This handy tape storage rack is very quick and easy to make and will store a large number of tape rolls. It can be made any length, depending on what you require.


Scrap wood – in this case 22x44mm SA pine, and one length of 16mmØ dowel.

40mm screws and glue.


The illustration shows that by angling the struts down at a slight angle, the end of the dowel is clear of the strut above and can be easily removed and reinserted as and when necessary.

  1. In my case, I wanted to attach the rack to a cupboard door, so the first step was to measure the door and see how long (or high) the rack needed to be. As it turned out, 600mm.
  2. I cut the 600mm backing member and five shorter struts, each 100mm long. I chose to angle the struts at an angle of 22.5° so that it would be easier to slip rolls of tape on and off their dowels (by clearing the end of the strut above), and if necessary remove the dowels to reload tape rolls (ditto).
  3. The rack’s pieces ready for assembly.
  4. Before attaching the struts, I drilled a hole in each for the dowels. It is 16mmØ and drilled 18mm into the strut.
  5. This shows the tip of the spade bit just penetrating the lower surface of the strut. Note that I trimmed the ends of each strut slightly so that it did not present a sharp edge, which could cause a bit of discomfort if one’s hand hit it.
  6. I positioned a strut each at the extreme top and bottom of the backing member, and the third at the centre. The remaining two were attached at the midpoints. Hence, the five struts were spaced at 120mm intervals on the 600mm backing member.
  7. I used glue and a 40mm screw per strut to attach it firmly to the backing member.
  8. With the struts secured, I cut five lengths of dowel, each 100mm long. This is now all the pieces of the rack complete and ready for attachment to the cupboard.
  9. Though the rack, even when fully loaded will weigh very little, cupboard doors are not meant to be weight bearers, so if you mount one of these racks on a door, position it as close as you can to the hinge while allowing the door to fully open. I secured the backing member at the top, driving a screw through from the far side of the door and into the SA pine. I did it this way because chipboard – the door’s material – will not secure the rack as I would like because there is no grain for the screw’s thread to grip.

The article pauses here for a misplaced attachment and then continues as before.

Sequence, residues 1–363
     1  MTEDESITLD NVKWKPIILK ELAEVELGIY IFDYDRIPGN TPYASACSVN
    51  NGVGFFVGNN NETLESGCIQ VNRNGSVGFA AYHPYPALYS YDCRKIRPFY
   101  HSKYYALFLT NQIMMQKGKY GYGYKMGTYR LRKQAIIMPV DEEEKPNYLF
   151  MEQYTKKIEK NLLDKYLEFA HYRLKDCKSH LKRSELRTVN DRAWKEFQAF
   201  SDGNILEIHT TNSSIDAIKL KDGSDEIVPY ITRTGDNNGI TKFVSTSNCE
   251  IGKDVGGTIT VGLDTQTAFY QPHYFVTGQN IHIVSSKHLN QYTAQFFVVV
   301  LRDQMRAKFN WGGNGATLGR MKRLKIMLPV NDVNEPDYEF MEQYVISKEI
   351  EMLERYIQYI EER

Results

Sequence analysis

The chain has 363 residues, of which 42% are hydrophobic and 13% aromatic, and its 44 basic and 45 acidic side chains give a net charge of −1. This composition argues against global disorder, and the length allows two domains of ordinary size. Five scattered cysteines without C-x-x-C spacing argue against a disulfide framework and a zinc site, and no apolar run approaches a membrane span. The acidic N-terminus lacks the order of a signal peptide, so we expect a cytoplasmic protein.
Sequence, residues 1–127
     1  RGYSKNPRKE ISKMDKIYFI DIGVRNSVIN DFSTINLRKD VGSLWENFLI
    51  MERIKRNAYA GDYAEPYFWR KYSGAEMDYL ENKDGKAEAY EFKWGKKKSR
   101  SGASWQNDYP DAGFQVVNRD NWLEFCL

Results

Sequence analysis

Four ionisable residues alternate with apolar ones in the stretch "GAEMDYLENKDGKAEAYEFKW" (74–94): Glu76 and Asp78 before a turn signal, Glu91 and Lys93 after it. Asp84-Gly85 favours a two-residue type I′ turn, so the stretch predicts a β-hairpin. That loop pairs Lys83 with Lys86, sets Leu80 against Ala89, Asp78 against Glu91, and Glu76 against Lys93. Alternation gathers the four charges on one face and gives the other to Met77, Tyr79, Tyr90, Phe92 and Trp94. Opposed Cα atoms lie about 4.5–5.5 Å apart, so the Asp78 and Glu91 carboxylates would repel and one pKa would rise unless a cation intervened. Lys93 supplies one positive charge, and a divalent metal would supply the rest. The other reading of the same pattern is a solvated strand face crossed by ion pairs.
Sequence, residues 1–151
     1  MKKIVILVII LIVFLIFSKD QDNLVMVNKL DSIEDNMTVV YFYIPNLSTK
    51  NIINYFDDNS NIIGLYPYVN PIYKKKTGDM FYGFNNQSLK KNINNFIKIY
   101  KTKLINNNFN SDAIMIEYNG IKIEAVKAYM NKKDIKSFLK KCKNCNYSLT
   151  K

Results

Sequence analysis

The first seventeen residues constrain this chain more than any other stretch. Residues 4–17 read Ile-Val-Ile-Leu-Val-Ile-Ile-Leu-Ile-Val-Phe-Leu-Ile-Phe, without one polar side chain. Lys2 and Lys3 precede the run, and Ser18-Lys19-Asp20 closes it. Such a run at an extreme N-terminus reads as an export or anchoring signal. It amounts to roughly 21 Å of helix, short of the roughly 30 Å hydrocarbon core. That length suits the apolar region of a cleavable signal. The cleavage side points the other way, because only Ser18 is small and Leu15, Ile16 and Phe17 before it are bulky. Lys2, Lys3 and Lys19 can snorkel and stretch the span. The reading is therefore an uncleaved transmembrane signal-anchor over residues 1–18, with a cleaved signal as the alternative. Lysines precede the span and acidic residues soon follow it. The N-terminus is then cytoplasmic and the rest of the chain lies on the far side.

10. With the rack aligned to vertical, I clamped the bottom of it and drove the lower securing screw through the door and into the backing member. This secured it to the door.
  11. The completed rack, loaded with tape rolls. The dowels can be removed if it should prove difficult to remove or replace a roll of tape. The rack is not a thing of beauty, but it does keep all your tapes close to hand and easily accessible.

Project guide

Skill level: 1

Estimated time: 45-90 minutes

Cost: R20

Assistant: No

Tools required:

Drill/driver, jigsaw or circular saw.


These materials are available at Selected Mica Stores. To find your closest Mica and whether or not they stock the items required, please go to, find your store and call them. If your local Mica does not stock exactly what you need they will be able to order it for you or suggest an alternative product or a reputable source.